How Stripe does documentation

Whenever I ask people their favorite API documentation, they always say the same thing: Stripe. They pioneered that ubiquitous three-column layout, which was inspired by Coffeescript's Annotated Source viewer.

Sure, it's pretty… but Stripe's documentation is great for much more than a shiny coat of paint. They've put a ton of thought and care into some of the little details.

For example, Stripe's docs show you a code snippet, complete with API key… even if you’re not signed up! If you don't yet have an account, you can still make calls to the API to test it out. And once you sign up, they assign that API key to your account.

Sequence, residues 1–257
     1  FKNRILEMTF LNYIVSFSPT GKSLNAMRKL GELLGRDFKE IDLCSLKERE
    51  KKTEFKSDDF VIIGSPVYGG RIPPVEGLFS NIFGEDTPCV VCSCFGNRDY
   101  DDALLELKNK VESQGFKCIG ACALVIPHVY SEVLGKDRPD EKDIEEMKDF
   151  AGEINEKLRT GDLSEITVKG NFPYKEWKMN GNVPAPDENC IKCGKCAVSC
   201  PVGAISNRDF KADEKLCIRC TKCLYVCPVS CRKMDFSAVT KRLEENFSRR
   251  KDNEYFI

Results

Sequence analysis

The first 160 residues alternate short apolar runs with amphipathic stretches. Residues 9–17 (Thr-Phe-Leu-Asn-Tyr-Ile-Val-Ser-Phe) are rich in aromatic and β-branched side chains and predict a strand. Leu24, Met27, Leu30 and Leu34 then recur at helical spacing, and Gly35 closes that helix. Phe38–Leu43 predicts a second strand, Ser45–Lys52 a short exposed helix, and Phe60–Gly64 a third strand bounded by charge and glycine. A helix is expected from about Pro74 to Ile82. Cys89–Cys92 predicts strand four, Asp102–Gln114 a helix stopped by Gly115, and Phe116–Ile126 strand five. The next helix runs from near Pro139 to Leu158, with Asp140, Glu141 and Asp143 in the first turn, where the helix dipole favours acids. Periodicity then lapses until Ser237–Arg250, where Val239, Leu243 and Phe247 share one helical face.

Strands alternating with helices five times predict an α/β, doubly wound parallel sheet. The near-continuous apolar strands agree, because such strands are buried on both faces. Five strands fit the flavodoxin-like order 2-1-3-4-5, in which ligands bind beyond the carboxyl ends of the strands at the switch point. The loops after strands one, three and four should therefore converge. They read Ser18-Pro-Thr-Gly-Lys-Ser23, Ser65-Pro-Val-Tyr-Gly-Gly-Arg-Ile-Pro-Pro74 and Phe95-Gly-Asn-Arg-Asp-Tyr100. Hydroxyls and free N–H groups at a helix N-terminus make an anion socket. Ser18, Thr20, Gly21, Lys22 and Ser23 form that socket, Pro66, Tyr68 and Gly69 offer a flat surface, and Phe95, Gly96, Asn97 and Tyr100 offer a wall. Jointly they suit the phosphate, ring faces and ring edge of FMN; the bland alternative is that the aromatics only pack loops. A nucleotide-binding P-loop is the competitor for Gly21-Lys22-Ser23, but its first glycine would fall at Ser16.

curl -u "sk_test_Akslaj2bI2HlWgHofQ2:" \
    -H "Stripe-Version: 2018-05-21"

Their documentation is also tightly tied to their versioning. So, it's possible to be on one version of a certain endpoint, and a more recent version of another. Their docs seemlessly show you the information for whatever's associated with your account, so you never have to remember what version you're on.

When people think of Stripe's docs, they tend to think of that three-column page above. There's much more to it! Stripe has done an amazing job on their guides, too. Most people shouldn't ever have to see the reference docs, because all the main usecases are heavily explained in the guides section.